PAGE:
“No one is actually out there at the same time racing,” he said. “You could go out there and meet with someone, be 6 feet apart and ride, but you can also ride at any time by yourself, and Strava has the technology to track your time, so you don’t need an elaborate timing system. We can keep it super simple. We also wanted to extend the timeframe. You have a six-week timeframe to complete the race, which is also very unique. We have done little tests out there before and seen this in other places before. How they did it was you had all day to try this as many times as you want, and your best time counts. For us, we wanted to make it six weeks, and you can have as many attempts as you want, and your fastest time is what is taken.”

The race will crown a champion with the lowest time across the three laps, as well as a champion of each lap.

“We did a test race similar to this here in Madras maybe six months ago during the early stages of the trail build,” Morrow said. “This is a concept called a mash-up, but adding Strava to it seems to be unique at this point, using Strava to be our record keeper. How we came up with it was Martti Rahi, Taylor Lark, myself and Ron Hollingshead were all just talking about starting a race, and somehow this sort of spawned out of that conversation.”

Depending on the number of racers, the organizers might be able to break down racers into further categories such as age and gender. No E-bikes (electric bicycles) can be used for the race. E-bikes are allowed on the trails but not in the Mash-Up.

You can visit to see maps of the course, the different laps of Bones, Ravine and Peek A Boo, as well as the current course and lap leaders.

“This race is designed to comply with social distancing, and we don’t want anyone getting too close,” said Morrow. “So you should never have to pass (anyone) because you need to keep distance between when someone starts and when you start. Second, if you ever do come upon another rider, this race is designed to be able to take another route along the race. If you get boxed in, for example, you can just turn left. Other than that, just respect social distancing. They just closed the forest service trailhead throughout the whole state. Our nice little trail is staying open because we can apply to social distancing.”

If new riders are unsure where the trails begin or end, there are several maps on the website or Strava itself, as well as other sources that will help guide the ride.

“What I would recommend is the easiest way, and we don’t have all the signage out there, but we do have trail markers out there in orange pulls for when a trail starts or stops, but we are working on getting those updated,” Lark said. “If you go to either the website, there is a link to a segment called trail forks, where all of our trails are marked there. There is also a link to Strava, which has all of the routes. They are still working on the signage, that will be in the parking lot, but we are not officially open. We don’t have everything dialed in yet.”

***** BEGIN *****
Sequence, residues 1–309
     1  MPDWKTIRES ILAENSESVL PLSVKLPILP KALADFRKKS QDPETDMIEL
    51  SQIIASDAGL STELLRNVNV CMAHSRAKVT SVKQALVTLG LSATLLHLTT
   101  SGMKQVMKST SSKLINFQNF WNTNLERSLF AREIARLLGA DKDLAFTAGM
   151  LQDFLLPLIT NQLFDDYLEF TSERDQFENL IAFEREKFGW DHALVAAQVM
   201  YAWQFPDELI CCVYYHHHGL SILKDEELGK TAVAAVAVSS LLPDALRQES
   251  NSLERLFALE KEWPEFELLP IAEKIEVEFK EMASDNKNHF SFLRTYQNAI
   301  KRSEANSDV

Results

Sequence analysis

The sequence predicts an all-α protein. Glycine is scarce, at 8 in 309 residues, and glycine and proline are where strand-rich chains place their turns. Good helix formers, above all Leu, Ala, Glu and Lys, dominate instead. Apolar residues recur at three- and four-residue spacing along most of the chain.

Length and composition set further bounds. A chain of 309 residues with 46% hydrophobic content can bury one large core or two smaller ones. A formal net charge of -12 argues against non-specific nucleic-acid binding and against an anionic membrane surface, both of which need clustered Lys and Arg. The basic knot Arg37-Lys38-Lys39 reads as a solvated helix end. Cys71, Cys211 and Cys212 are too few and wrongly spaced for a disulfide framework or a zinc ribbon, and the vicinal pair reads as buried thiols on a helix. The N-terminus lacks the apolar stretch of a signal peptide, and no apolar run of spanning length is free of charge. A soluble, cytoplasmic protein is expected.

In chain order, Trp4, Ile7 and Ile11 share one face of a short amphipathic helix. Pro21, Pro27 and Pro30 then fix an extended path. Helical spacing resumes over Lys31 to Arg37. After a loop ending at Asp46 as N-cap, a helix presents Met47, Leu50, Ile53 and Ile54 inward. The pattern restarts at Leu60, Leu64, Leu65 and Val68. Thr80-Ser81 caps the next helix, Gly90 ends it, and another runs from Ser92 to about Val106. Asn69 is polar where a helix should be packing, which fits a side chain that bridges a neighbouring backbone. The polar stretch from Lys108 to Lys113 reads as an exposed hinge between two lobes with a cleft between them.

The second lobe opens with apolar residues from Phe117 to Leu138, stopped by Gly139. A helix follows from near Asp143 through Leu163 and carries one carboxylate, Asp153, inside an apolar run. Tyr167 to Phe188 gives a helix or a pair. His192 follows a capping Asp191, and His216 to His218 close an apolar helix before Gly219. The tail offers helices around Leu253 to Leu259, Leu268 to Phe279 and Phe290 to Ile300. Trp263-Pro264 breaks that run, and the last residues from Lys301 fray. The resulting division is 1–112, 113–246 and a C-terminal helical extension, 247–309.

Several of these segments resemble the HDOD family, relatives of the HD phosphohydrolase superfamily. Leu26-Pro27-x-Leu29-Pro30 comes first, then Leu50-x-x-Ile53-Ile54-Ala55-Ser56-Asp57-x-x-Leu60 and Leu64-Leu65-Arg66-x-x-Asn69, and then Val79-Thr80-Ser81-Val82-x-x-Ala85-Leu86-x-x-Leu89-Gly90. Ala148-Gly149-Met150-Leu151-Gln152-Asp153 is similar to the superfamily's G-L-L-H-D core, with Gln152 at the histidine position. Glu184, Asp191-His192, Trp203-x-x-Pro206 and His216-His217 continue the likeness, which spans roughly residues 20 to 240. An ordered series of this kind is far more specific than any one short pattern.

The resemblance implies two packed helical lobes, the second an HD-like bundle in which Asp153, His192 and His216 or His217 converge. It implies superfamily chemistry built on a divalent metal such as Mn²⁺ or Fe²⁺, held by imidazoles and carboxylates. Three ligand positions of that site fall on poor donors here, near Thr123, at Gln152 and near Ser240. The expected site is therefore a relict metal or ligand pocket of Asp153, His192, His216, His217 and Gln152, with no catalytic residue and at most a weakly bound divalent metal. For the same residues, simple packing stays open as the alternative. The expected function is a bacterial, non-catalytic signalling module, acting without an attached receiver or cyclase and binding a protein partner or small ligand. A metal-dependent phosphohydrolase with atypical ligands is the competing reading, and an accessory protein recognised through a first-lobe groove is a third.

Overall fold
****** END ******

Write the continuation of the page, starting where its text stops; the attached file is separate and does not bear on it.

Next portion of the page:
“The Bones, Ravine and Peek a Boo, the first half of those start exactly the same,” he said. “To go on the Bones, you take a left and go down the valley of the bones segment, which is marked out there. The Ravine, you go straight, go up the hill and then left of the ravine. The Peek a Boo lap, you go up and left on Peek a Boo. There are different trail names out there that signify the laps, but it is not really defined on a kiosk in the parking lot or as defined as we would like on the course, but with these apps that you can carry around with you, it is very easy to open them up and see where you need to go.”

This race is only the start, as plans to make races on the MEH trail system are in the works.

“It is new, so not too many people know about it, but I took my kids out there, and we walked around,” said Lark. “It is a great place to go on a family hike. It is a great place to ride your mountain bike, for horses, and there are multiple things to do out there. This race is specific for mountain biking, but it still allows you to do a lot of other activities as well. We want to use this timeframe to get people out, even if we are not doing it together, we can check the website leaderboard, and it feels like you are interacting with other people, and that has been tough these last couple of weeks and will still be tough moving forward. It provides a bit of social interactions and allows crazy people who like to race and put themselves in physical pain — outlets have been canceled for people like that — so this allows them a way to still be able to do that.”

“We also wanted to emulate what Madras Runners do,” he said. “They always have a couple of events a year, the MAC Dash in the fall. So we really want to use this trail system to provide healthy race opportunities for the community. All year around, you have a couple of races, triathlon in the fall, so this is hopefully the beginning of a long future of doing activities out there.”